India and Modi: The Honeymoon Continues
1. How is India doing?
A growing number of Indians, roughly two-thirds (65%), are satisfied with the way things are going in their country. Such satisfaction is up 9 percentage points since 2015 and 29 points since 2014, in a survey taken before Prime Minister Narendra Modi’s Bharatiya Janata Party (BJP) came to power. In 2013, the last year of the previous government, just 29% of the Indian public was happy with the trajectory of their nation.
Current approval of the country’s direction is widely shared by men and women, by all age groups and education levels, and by people living in cities and in the countryside. And about seven-in-ten supporters of the BJP and more than half of backers of the Indian National Congress party (INC) are satisfied with the way things are going in India.
This general approval reflects public contentment with the state of the Indian economy, which grew by 7.6% in 2015 and is expected to grow by 7.4% in 2016, according to recent estimates by the International Monetary Fund, making India the fastest growing major economy in the world. By comparison, the Indian economy grew by only 5% in 2013.
Eight-in-ten Indians believe their economy is doing well, up 16 points since 2014. And 35% of Indians today say the economy is very good. Such highly positive views of the economy are up 8 points since 2015 and 25 points since 2014. Given the overall satisfaction with economic conditions there is little demographic difference in such sentiments.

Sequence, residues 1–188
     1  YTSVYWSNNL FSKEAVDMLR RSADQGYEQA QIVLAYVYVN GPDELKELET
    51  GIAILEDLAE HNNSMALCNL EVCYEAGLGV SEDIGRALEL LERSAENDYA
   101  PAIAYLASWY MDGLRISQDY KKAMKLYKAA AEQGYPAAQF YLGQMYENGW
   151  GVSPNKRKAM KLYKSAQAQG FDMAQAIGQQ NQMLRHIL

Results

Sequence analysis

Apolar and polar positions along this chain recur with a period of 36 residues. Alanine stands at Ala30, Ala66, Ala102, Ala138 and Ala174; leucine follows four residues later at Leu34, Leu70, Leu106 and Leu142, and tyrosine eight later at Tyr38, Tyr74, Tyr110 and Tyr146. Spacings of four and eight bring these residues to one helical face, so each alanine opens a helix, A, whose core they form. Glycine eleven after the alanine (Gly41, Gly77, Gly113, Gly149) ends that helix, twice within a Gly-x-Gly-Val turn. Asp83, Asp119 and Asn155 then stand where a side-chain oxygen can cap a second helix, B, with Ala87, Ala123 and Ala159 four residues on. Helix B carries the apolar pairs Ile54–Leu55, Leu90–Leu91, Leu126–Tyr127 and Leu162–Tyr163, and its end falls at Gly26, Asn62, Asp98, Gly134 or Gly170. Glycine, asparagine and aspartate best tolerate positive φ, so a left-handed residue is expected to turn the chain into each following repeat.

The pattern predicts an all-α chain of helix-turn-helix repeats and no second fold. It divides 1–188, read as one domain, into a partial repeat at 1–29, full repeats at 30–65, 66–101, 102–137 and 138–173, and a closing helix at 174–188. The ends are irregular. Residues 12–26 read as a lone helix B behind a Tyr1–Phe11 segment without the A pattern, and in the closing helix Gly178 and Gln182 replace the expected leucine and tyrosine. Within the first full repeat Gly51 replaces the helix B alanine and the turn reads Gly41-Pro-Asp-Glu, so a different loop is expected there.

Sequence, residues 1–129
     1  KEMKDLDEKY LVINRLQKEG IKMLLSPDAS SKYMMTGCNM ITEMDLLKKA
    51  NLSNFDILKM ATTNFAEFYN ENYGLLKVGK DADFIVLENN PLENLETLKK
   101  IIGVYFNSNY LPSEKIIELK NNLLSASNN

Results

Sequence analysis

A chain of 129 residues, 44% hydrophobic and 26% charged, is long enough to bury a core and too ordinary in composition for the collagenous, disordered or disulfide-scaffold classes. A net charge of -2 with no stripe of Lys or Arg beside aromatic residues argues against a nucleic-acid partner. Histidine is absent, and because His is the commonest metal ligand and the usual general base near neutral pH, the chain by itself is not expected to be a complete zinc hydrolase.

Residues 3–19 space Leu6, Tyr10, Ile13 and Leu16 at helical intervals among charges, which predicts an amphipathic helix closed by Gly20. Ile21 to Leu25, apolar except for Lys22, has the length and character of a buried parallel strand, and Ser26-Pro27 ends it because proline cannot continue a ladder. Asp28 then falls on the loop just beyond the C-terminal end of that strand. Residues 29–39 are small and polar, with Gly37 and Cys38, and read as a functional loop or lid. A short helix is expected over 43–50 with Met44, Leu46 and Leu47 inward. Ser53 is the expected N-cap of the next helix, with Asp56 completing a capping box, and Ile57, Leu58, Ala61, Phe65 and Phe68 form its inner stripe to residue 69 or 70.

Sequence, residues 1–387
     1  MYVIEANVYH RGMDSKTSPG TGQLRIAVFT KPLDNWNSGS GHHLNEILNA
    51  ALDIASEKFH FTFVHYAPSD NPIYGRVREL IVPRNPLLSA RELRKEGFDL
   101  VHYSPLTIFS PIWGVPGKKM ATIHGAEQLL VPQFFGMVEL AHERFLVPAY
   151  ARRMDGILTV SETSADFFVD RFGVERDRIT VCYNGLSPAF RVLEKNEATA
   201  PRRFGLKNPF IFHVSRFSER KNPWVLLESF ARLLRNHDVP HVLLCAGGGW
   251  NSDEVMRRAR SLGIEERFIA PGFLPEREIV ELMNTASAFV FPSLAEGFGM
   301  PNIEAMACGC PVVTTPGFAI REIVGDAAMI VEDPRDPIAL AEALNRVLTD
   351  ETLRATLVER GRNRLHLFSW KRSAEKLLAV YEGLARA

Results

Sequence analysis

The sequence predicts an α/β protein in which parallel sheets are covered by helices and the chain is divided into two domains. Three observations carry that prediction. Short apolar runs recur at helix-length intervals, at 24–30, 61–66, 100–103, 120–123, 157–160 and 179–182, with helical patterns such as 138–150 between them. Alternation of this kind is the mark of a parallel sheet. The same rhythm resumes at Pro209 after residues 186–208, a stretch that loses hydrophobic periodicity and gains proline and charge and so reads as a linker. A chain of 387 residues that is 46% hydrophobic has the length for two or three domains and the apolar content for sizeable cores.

Notably, 42% of BJP supporters voice the view that the economy is doing very well, while only 26% of Congress adherents share such strong feelings.
Views of the economy are a snapshot, subject to change, as the recent improvement in economic sentiment testifies. But people also see the economy as a bellwether of prospects for their children. Roughly seven-in-ten Indians believe that when today’s children grow up they will be better off financially than their parents. This faith in the future is consistent with last year, but up a bit from 2013, when it stood at 64%. People in rural areas are slightly more optimistic for the next generation than those living in urban environments (68% vs. 74%).